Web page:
Beijing has been thinking about imposing inheritance tax since 2004, but nothing substantial ever happened. During the past weekend, however, news broke that the inheritance tax may be officially on the State Council’s agenda.
According to a draft inheritance tax law from 2010, exclusion starts at RMB 800,000 yuan with rates ranging from 20% to 50% depending on the bracket. Using the formula laid out in the draft, legacies worth RMB 5 million yuan will cost the beneficiary RMB 840,000 in inheritance tax.
An inheritance tax is usually considered a way to balance wealth gap in a society because it not only motivates the rich to spend more now, but also reduces what their heirs got. In a country like China where resentment of the rich is increasingly high, one’d expect people to welcome an inheritance tax. Well…quite the opposite. With exclusion starting at RMB 800k, the coming inheritance tax, if implemented, would be a tax on the masses rather than the rich.
With an average annual household income of RMB 13,000 yuan in 2012 (roughly $2,100), RMB 800k won’t be able to very effectively separate the middle class from the rich, especially in more developed urban areas. To make things worse, it’s tradition in China for children to inherit their parents’ home. But the soaring housing price in the past few years has made almost all descent urban homes worth around or more than RMB 800k, which means most urban households will face inheritance tax sooner or later.
Take Beijing for example, the average new home price in Beijing was RMB 27,349 yuan per square meter as of May, 2013. RMB 800k can only buy an apartment of less than 30 square meters (about 300 square feet). By that measure, almost all home owners in Beijing need to pay the inheritance tax, unless, of course, the owner dies before the policy goes into effect.
And guess what, people don’t even really “own” homes in China because everything is “collective property” that belongs to the country instead of any individual. Those who buy homes in China buy the right to live in the home for either 70 years, 50 years, or in some cases, 30 years. One netizen 努比菲君 commented: “It’s shameless to impose inheritance tax when everything is collectively owned.”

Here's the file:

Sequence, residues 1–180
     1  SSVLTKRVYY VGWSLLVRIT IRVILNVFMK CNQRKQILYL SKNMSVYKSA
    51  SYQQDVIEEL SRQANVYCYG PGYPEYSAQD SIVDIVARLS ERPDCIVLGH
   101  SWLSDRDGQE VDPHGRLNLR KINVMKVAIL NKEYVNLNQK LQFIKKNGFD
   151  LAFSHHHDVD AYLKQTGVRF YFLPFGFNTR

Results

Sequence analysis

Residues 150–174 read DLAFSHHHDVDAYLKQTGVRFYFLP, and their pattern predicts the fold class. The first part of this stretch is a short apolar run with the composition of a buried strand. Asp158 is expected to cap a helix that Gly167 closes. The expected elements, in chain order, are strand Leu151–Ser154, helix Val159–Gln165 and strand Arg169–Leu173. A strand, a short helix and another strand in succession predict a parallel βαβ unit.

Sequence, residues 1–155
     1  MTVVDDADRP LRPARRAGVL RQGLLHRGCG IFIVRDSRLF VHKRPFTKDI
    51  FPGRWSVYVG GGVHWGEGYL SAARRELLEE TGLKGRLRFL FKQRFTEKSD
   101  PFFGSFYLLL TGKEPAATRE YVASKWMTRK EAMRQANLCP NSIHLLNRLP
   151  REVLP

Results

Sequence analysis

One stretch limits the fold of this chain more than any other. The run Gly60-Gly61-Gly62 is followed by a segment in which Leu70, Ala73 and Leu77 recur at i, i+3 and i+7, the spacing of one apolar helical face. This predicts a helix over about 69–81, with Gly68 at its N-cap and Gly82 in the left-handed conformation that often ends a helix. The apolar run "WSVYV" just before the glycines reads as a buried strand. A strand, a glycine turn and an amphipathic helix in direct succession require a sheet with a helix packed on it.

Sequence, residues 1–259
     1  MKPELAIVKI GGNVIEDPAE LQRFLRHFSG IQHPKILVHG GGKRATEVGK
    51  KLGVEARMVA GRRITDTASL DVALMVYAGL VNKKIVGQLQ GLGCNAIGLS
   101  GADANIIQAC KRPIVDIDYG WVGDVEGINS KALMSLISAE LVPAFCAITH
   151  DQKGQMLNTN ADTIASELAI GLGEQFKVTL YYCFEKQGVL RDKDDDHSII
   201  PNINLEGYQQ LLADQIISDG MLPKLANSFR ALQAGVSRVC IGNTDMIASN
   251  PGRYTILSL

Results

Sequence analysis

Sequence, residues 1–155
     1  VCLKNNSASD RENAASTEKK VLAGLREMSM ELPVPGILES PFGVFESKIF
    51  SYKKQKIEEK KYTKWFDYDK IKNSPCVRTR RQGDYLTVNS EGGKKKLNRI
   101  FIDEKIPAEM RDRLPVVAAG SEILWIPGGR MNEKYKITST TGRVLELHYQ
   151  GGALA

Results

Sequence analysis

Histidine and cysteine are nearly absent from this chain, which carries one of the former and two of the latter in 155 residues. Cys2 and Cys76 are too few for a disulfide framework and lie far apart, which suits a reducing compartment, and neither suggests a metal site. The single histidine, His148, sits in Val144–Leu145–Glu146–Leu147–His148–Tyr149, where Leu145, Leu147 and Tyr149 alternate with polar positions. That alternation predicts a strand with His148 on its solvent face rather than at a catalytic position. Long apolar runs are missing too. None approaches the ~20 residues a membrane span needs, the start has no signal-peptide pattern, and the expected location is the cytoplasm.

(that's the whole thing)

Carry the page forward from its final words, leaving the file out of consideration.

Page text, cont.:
Netizen 笑看天下abc best described what an inheritance tax would mean to a typical urban middle class household in China:
“After saving as much as possible for years, draining their parents’ life savings and getting a 30-year mortgage, a young couple finally managed to buy a home. 30 years later, the mortgage is clear. Another 30 years later, the couple is dead, leaving the property, which is by then worth several millions, to their child who needs to pay tens of thousands of inheritance tax. The child saves hard for 8 years to pay up the inheritance tax. Two years later, his family’s 70-year-long right over the property is over.”
Legitimacy issues aside, there is also the general concern of how tax money is spent in China. Without effective supervision and enough transparency, many netizens fear that the inheritance tax is just another way for corrupt officials to rob the people’s money into their own pockets. And nobody knows how deep those pockets are.
Netizen 老徐时评 commented: “Before plotting how to empty the people’s wallets, government officials should first make sure that their own asses are clean. To impose inheritance tax, officials first need to disclose their own personal assets, and to set up an open and transparent supervision system to monitor government spending. Otherwise, new taxes would only mean new feast for corrupt officials.”
Many argue that in the current China where there lacks well-developed social welfare, healthcare and education systems, to levy inheritance tax is nothing more than robbing the people. One netizen 轩辕小梦 commented: “The only result of an inheritance tax would be the government getting richer and the people poorer.”
Some even predicted that the inheritance tax, if implemented, will mark the start of a new peak of Chinese immigrants because, as netizen 郭光东 commented, “the reasons of immigration are no longer as abstract as freedom and safety, but as concrete as the middle class being exploited.”
Many Chinese netizens now sarcastically call the inheritance tax a “real death tax.” The message is clear – die before it happens.